D. Amstutz stated that in the last few years, each time a congestion pricing study was presented the board or committee has declined to fund it citing a lack of information or wrong timing. As this conversation seemed to be leaning to that conclusion, he expressed disappointment that this committee could not move this study forward. T. Teich stated that staff are very much able to tweak the scope of this study as long as the committee supports funding it at some level.
L. Diggins expressed that he would like to keep this study in the Universe and make the effort to study congestion pricing this year. A. Kleyman expressed agreement with D. Amstutz and stated that T. Teich’s idea to tweak the scope and fund the study is a good idea.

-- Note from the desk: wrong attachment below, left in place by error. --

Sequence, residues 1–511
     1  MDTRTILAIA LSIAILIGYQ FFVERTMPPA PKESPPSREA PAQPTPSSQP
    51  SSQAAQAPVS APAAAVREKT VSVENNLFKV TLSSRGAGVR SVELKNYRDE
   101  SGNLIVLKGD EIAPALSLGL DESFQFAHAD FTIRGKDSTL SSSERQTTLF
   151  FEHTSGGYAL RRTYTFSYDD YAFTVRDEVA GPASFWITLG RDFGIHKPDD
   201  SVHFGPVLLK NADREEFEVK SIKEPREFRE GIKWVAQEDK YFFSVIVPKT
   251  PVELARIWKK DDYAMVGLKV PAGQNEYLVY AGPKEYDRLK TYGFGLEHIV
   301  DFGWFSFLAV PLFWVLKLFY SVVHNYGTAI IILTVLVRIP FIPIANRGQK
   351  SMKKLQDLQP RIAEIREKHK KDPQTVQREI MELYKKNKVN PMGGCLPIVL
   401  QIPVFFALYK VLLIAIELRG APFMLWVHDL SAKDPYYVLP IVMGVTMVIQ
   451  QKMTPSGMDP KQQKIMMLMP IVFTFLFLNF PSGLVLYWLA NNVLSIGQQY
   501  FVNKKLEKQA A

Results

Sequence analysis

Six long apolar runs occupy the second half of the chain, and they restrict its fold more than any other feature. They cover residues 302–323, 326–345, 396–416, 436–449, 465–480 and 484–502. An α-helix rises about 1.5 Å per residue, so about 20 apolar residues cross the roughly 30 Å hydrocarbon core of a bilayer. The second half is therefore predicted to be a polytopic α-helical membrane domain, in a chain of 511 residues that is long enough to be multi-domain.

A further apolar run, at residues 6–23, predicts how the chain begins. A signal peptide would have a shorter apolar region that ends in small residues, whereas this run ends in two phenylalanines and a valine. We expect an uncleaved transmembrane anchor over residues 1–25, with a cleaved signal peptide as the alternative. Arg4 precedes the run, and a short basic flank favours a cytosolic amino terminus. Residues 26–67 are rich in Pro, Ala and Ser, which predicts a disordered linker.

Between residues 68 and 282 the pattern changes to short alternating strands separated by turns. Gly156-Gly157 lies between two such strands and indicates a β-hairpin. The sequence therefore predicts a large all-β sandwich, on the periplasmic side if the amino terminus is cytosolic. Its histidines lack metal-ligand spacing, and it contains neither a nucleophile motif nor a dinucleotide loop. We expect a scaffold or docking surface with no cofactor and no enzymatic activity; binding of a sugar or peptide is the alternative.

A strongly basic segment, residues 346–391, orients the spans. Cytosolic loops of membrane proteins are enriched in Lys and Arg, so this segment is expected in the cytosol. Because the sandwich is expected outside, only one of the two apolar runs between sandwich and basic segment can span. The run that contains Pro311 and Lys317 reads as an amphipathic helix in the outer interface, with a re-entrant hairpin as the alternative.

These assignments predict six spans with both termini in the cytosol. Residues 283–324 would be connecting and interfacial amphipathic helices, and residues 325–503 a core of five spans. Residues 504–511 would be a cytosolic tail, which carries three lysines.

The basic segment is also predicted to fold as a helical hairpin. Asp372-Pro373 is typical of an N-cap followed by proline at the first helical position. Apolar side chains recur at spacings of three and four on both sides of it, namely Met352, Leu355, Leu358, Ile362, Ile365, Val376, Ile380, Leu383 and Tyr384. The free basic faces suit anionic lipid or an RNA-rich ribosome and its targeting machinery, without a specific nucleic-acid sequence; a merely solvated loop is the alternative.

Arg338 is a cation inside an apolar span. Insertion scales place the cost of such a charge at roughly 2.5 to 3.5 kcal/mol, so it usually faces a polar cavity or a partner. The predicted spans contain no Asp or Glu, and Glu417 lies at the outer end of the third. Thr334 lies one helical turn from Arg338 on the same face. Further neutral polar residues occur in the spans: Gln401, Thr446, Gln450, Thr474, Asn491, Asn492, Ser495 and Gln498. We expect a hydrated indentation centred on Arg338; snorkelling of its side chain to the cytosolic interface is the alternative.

D. Krevat proposed that, due to time constraints, the committee decide on the studies that were ranked the lowest: The Impact of New Active Transportation Facilities in the Boston Region and Assessing Mobility Options at Affordable Housing Developments. D. Amstutz stated that he also questioned the timing of the Bus Rapid Transit study due to the ongoing Bus Network Redesign work conducted by the Massachusetts Bay Transportation Authority (MBTA). He also expressed that the value capture study may not be as interesting as the others in the Universe. L. Diggins expressed interest in the Demand-Response Study, as it seems like a study that would greatly benefit RTAs.